According to a report by Farmers Review Africa, Liberia is set to take lessons from cocoa production leaders, Ghana and Cote d’Ivoire, in developing a sustainable cocoa sector.
There is the need to look at the regional value chain and how they interface between the various countries’ policies and regulations and this is according to Edward Brown, Senior Director Research, Policy, and Programmes at African Center for Economic Transformation (ACET).
Edward noted “Ghana and Cote d’Ivoire produce almost two-thirds of world cocoa; Liberia’s cocoa development would further augment that percentage. So there is the need to look at how we situate the Liberian cocoa production, policy, and industry to ensure that they have the maximum benefit from the experiences of the other countries”.
Though Liberia’s economy has been dominated by rubber plantations and large farms, cocoa has been identified as a national priority for export diversification and highlighted in the Liberia National Export Strategy (2014-2018).
Nonetheless, there are challenges in the country’s cocoa sector, including an underdeveloped value-chain, old and diseased trees, lack of inputs, poor fermentation techniques, limited financing, high labour cost, lack of drying, packaging, and drying techniques.
The African Center for Economic Transformation and USAID initiated a dialogue on “Regional Collaboration on Overcoming Binding Constraints on the Growth of Liberia’s Cocoa Value Chain”.
Cocoa production in Liberia and Agricultural Sector Investment Plan
There are over 40,000 farmers growing cocoa in Liberia, with individual farmers cultivating an average of three acres of cocoa.
The Liberia Agricultural Sector Investment Plan (LASIP) seeks to diversify the country’s economy through robust agricultural value chains and a modern industrial policy to increase cocoa production, productivity, and income from 2018 to 2022.
The Government of Liberia and IFAD also have a $23 million financing to boost cocoa production, targeting Nimba County with the intervention expected to help increase annual cocoa production to over 10,000 metric tons.
A sustainable cocoa sector in Liberia is focused on three areas: Investments and cocoa marketing; Sustainable production and quality control; and Environment and climate change.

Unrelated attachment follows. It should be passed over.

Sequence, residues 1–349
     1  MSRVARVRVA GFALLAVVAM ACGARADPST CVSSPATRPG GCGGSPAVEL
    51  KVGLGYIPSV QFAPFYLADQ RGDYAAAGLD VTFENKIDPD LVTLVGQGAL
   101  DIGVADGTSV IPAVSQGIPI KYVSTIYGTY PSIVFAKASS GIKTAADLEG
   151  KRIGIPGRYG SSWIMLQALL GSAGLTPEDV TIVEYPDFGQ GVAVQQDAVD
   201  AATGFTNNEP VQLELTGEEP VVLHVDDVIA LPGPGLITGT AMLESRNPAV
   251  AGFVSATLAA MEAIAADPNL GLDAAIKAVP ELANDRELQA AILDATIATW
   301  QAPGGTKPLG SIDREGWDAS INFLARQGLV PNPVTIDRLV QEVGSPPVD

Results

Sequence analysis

The Liberia Economic Policy Dialogue Activity (LEPDA) project, a USAID-funded four-year technical assistance, capacity development, and grants project, aims to foster self-reliance by spurring private sector-led economic expansion in Liberia.
The project is implemented by Nathan Associate in collaboration with the government of Liberia and civil society organizations (CSOs).
The Project convened key players involved in Liberia’s cocoa sector to participate in an inception meeting to help in shaping and executing the research project towards enhancing the cocoa industry in Liberia.
They included government and policymakers, farmer organizations, the private sector, development partners, and the media.
The project seeks to develop the capacity of civil society for the agriculture-based transformation through the value chains.
The CSOs capacity development processes will include a cocoa value-chain study and political economy analysis, which will lead to policy dialogue and the development of a Liberia Cocoa Policy.
The goal is to have an upgraded cocoa value chain as well as a capable and credible framework. The process will include a comparative analysis of cocoa producing economies like Ghana and Cote d’Ivoire, which already have an existing partnership.